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How RF FDAs Enhance Test Systems with RF Sampling ADCs

June 3, 2024
This article discusses how integrating DC-coupling and RF sampling ADCs boosts linearity and bandwidth in RF systems, which impacts overall performance.

What you’ll learn:

  • How to use DC-coupling for RF sampling ADCs.
  • How to improve system linearity.


Higher data rates in wireless communication systems and the use of narrower pulses in radars to resolve close targets require greater performance and bandwidth requirements in test and measurement instruments. Radio-frequency (RF) test-and-measurement instruments such as high-bandwidth oscilloscopes and RF digitizers use RF sampling analog-to-digital converters (ADCs) that simultaneously digitize signals from DC to multiple gigahertz.

RF sampling ADCs replace mixers followed by narrowband ADCs reduces system complexity and improves the performance of wideband test and measurement instruments, radars, and wireless transceivers.

Designers typically use a single-ended gain block in cascade with a passive balun to drive RF sampling ADCs. However, there are drawbacks to this approach that limit the achievable performance. In this article, we discuss these drawbacks and illustrate how an RF fully differential amplifier (FDA) can help you maximize the performance of your RF sampling ADCs.

Introduction to DC-Coupling in RF Sampling ADCs 

RF sampling ADCs accept differential inputs to reject common-mode noise and interference and improve second-order distortion. Because of their wide bandwidth, system designers use transformer-based passive baluns to convert single-ended RF signals to differential signals to drive RF sampling ADCs.

However, passive baluns operate from hundreds of kilohertz or tens of megahertz on the low-frequency side based on the bandwidth that they support. Thus, the use of a passive balun to drive RF sampling ADCs in test and measurement instruments limits the lowest frequency that can be digitized.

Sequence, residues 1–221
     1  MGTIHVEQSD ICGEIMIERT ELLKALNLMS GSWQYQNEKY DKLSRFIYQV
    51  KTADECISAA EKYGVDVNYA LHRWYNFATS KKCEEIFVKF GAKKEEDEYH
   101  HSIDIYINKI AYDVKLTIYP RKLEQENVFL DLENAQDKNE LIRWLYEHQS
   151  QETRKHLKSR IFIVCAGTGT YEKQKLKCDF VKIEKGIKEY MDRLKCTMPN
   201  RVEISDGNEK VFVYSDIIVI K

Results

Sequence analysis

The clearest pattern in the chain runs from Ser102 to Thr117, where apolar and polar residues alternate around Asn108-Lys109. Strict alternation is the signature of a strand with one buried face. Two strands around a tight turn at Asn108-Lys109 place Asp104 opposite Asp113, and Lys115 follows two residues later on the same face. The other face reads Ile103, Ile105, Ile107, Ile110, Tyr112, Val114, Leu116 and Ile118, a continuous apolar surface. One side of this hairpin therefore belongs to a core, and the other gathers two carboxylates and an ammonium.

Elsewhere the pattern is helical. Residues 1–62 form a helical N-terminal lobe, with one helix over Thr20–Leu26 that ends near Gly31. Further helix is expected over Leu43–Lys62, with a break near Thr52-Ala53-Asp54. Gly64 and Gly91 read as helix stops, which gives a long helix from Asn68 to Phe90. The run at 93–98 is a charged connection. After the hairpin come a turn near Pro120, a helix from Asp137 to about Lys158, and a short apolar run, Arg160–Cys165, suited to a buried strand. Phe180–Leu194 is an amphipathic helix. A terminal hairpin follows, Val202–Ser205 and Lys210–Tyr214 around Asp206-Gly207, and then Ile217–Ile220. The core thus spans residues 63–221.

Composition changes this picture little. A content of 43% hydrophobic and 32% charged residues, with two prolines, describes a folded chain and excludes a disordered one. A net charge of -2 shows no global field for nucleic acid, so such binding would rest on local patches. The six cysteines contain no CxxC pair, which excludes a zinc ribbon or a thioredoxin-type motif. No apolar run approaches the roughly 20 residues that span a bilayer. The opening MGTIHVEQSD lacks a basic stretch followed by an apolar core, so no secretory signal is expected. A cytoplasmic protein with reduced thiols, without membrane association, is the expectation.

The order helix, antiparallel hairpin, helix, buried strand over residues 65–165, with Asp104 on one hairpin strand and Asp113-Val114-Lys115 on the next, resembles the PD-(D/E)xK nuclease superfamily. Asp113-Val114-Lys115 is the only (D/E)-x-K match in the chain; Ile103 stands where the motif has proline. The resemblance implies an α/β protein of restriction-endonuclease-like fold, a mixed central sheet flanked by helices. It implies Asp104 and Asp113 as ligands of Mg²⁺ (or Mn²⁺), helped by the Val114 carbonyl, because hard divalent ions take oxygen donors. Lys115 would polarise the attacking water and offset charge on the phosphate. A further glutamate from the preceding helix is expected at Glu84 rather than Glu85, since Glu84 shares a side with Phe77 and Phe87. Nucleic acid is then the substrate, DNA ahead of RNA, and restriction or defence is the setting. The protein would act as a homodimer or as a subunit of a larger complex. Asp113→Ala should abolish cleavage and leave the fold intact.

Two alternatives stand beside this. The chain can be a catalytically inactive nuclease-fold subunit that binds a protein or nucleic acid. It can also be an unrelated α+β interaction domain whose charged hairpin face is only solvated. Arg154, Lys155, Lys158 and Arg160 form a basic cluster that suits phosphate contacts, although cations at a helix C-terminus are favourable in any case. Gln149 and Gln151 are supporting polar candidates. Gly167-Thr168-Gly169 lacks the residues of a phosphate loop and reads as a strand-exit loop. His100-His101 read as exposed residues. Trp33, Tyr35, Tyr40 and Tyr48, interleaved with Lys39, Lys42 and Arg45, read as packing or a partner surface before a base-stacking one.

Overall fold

The DC-coupled TRF1305 RF FDA developed by Texas Instruments performs single-ended to differential conversion with a usable large-signal bandwidth that covers DC to 6.5 GHz, while providing gain. Figure 1 shows the TRF1305 RF FDA driving an RF sampling ADC in a DC-coupled application. RF sampling ADCs have a narrow input common-mode range, and operation outside this common-mode range degrades ADC performance.

Single or split flexible power supplies, along with output common-mode control, make it easier to match the TRF1305’s output common mode to the ADC’s input common mode. Such features make this amplifier versatile in DC-coupled RF test and measurement instruments like high-bandwidth oscilloscopes, arbitrary waveform generators and RF digitizers.

Improving System Linearity in Wideband Systems

Nonlinearity of components in a signal chain affects the detection of small signals in the presence of large interfering signals. Second-order nonlinearity isn’t very important in narrowband systems because the nonlinearity created falls outside the frequency band of interest and is generally filtered out.

However, such is not the case with wideband systems. When the input signal bandwidth covers multiple octaves, the second-order nonlinearity of the signal appears in band. For example, consider an RF sampling ADC used with an RF bandwidth of 0.5 to 2 GHz. The second-order nonlinearity of a signal at 0.5 GHz occurs at 1 GHz, which is twice the frequency. But this second-order nonlinearity is less than the 2-GHz maximum frequency of interest and must be minimized since it’s not possible to filter it out.